You may have noticed that we have changed a few things. Nicer paper, classier format, lots of spanking new content. Admittedly, the moody, photo-shopped picture of the editor seems to have been replaced by a cartoon homage to Les Dawson, but that aside we think we have made significant improvements. Not everyone will appreciate the changes we've made. And if you're among them, let us know. Others may wonder why we have changed at all - the TES was in the fortunate and rare position for a UK publication of enjoying a rise in circulation last year. So why change?
The short answer is because you have. Whatever the dispiriting economic outlook, however anxious teachers feel about the currents swirling through education, the fact is that the profession is less defensive, more assertive, more questioning, more committed and better qualified than it has been in decades. We had to change to keep pace with a profession that has stepped up a gear.
If you think that view is too Panglossian, look at YouGov's poll of how parents and children rate teachers (pages 8-9). Despite media misinformation about the state of our classrooms, huge majorities of respondents think teachers deserve more support, greater respect and play a vital role in society. Unfortunately, the corrosive impact of years of misleading headlines has led a significant minority to advocate bringing back the cane. The odds on them responding in the same way if their child were thwacked are probably minuscule. But in any case, that proportion is dwarfed by the sizeable number who understand that good teaching is more than crowd control: it is, as they correctly identify, about the ability to inspire pupils.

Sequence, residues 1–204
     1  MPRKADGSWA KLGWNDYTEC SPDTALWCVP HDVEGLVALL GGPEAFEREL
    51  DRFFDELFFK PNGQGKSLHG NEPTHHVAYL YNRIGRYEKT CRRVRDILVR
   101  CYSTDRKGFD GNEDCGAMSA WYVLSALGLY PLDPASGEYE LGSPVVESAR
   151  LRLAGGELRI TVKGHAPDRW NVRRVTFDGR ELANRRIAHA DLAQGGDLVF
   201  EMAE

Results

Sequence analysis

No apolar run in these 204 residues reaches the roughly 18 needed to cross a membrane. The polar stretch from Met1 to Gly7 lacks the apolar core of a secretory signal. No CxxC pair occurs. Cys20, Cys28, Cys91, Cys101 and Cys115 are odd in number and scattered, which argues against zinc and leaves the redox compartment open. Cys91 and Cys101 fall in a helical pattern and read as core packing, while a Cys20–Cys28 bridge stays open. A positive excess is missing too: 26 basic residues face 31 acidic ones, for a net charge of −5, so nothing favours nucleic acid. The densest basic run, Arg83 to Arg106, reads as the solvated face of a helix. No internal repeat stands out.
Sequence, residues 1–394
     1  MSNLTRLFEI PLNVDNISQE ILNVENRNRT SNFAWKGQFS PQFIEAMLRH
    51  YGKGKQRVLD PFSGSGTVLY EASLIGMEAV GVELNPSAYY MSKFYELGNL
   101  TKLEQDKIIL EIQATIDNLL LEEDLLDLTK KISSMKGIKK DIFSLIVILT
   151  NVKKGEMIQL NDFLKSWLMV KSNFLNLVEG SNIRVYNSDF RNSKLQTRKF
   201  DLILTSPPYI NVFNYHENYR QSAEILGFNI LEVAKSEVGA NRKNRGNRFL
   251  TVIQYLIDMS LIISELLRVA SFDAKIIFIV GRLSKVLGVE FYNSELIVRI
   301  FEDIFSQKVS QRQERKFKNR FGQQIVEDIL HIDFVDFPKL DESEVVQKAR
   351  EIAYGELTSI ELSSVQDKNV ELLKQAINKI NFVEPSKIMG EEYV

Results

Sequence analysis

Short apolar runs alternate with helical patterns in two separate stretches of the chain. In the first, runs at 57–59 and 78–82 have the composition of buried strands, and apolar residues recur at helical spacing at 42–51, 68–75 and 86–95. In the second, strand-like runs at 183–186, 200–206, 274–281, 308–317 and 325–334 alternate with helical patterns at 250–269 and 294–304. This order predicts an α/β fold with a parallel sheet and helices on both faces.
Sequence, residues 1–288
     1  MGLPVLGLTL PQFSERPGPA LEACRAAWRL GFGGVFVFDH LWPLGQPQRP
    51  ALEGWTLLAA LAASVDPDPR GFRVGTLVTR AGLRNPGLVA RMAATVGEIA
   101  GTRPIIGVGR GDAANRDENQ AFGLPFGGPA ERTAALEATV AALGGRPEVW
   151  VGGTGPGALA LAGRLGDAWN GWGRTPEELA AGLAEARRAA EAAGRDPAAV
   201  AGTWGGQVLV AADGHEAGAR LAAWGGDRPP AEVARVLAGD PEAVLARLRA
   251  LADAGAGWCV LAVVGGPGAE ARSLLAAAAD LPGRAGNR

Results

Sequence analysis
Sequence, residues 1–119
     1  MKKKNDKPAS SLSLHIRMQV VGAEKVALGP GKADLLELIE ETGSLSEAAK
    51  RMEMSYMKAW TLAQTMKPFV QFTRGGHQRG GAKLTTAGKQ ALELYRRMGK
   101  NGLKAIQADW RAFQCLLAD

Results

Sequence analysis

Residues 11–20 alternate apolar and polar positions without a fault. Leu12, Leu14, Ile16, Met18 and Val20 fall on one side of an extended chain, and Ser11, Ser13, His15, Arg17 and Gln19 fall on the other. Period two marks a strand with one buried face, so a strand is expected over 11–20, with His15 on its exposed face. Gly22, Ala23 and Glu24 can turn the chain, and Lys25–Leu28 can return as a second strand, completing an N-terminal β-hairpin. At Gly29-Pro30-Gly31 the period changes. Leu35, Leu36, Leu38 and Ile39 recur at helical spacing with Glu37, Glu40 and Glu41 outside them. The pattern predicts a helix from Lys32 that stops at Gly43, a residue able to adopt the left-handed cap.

Increased public support for teachers and teaching will not, however, translate into uncritical backing. In fact, the opposite is likely. The greater the expectations, the less tolerant of disappointment the public will be. Which means that the quality of teachers, always crucial, has never been more visible. This week's report from the Sutton Trust argues that the best way to improve the quality of teachers is to focus on the bottom 10 per cent (pages 34-38). It points out that replacing or improving these teachers would transform UK education beyond recognition.
The most remarkable findings show what a difference a good teacher makes. A child taught by an excellent maths teacher will make 40 per cent more progress in a year than one taught by a poor one. For schools, the difference a great teacher makes to overall performance is equivalent to reducing a Year 6 class by 13. For pupils, a great teacher could boost their lifetime earnings by as much as pound;430,000.
Some will object to the report's narrow focus, arguing that improvement should apply to all teachers, not just the bottom tenth. Others will point out that as 40 per cent of newly qualified teachers leave within five years of joining, the easiest way to improve teacher quality is to be fussier about who gets to be one. Few, however, will argue with the nub of the report. Everyone knows from personal experience how empowering an excellent teacher can be and how debilitating a poor one is.
The question is what do we do about it? Does "dealing" with the bottom 10 per cent mean supporting them or ejecting them? It will, of course, depend on the individual judgments of different heads. Like so much in teaching, there is no right answer. Which is why the TES will always prefer to start a conversation than presume to close down a debate.